Last week, Fox slipped into first place season-to-date, earning a 3.4 average rating in the adults 18 to 49 demo compared to its major broadcast competitors, who are tied at a 3.3. It was the earliest Fox has moved into first place in the past three years, which is partly a credit to its fourth-quarter strategy that kept the network from having to leapfrog the competition from a distant fourth place this month.
“It’s not just about where we are, but how we got here,” Mr. Liguori said. “It was a triumph of scheduling and creative.”
The network’s scripted drama “Terminator: The Sarah Connor Chronicles” also got off to a great start due to a football lead-in last week, then fell sharply to a still-solid 4.2 rating last week. Given that the series built on the lead-in “Prison Break” audience, Fox is hopeful the program can maintain a respectable viewership.
On Wednesday, Fox debuts its lie-detector game show “The Moment of Truth,” which is
expected to receive some significant initial tune-in given its post-“Idol” time period.
“It’s old-time Fox,” Liguori said of “Truth,” which asks contestants wearing lie detectors awkward personal questions they must truthfully answer in order to win. “I will not be watching that show with my wife in the same room because the one thing I don’t want my wife asking is, ‘What’s your answer to that question?’”
Fox isn’t sending a review copy of the show to critics, but the network is prepared to hear a certain amount of oh-the-humanity blowback after the program airs.
“The intent is to reveal a person’s honest feelings,” Mr. Liguori said. “The intent is not, ‘Let’s go rip up this family.’ But it is wild because the contestants are asked these questions before they go on stage, then they go in front of millions knowing those questions are coming their way.”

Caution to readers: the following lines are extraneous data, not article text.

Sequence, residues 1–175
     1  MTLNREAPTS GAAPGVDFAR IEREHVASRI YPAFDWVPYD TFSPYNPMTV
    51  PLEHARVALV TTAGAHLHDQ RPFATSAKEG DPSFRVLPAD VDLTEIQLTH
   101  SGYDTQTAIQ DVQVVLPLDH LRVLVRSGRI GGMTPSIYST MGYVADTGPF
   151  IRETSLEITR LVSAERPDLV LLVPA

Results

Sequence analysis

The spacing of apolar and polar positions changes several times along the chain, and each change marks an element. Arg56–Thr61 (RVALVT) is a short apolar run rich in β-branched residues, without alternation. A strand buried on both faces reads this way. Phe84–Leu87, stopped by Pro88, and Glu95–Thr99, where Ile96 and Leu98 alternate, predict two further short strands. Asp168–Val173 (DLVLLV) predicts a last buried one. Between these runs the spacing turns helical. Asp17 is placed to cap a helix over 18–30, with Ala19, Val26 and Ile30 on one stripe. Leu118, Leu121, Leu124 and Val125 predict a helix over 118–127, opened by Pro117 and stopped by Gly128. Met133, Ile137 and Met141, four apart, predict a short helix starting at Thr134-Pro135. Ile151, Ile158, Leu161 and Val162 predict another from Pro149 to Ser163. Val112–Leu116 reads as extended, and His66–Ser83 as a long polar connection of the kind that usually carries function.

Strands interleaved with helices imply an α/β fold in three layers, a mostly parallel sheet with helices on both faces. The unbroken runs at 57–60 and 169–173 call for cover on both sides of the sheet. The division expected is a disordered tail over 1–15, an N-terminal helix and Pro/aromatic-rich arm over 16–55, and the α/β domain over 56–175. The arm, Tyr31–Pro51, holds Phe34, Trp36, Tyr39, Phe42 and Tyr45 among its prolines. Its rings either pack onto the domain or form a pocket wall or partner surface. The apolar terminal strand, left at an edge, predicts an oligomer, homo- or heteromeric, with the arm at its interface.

In February, Fox will air the Super Bowl, which will be infused with “Idol” talent (Ryan Seacrest hosting a red carpet; a music video debut from Paula Abdul).
In April, the competition reality series “Hell’s Kitchen” will receive its first in-season slot. Given that the show’s popularity has grown each summer and that Gordon Ramsay’s “Kitchen Nightmares” made inroads with viewers this fall, “Hell’s” is poised to make a strong showing in a post-“Idol” time period.
Still, ad buyers are mourning the loss of “House” and “24,” both shut down due to the strike. Their absence sounds an increasingly worrisome note with ad buyers.
Campbell Mithun’s Mr. Rash called Fox’s seasonal standing is “a laudable accomplishment,” adding, “but it’s done in the shadow of a writers strike that threatens to dramatically effect non-reality TV viewing.”
Agreed Shari Anne Brill, VP and director of programming at Carat: “We’re not worried about ‘Idol’ [ratings erosion]. We want to know what’s going to happen toward the balance of the season. We want to know about the new shows for fall. A ‘Bachelorette’ is no substitute for a ‘Grey’s Anatomy.’”
By and large, ad buyers value scripted programming over reality since it tends to attract more affluent viewers. Sources said that whatever network wins the 2007-08 season, it’s quickly becoming a Pyrrhic victory if the broadcast season—and possibly much of next season as well—is left in tatters.
“We should hook the writers and [the Alliance of Motion Picture & Television Producers] up to a polygraph,” Ms. Brill said. “That’s the ‘moment of truth’ I’d like to see.”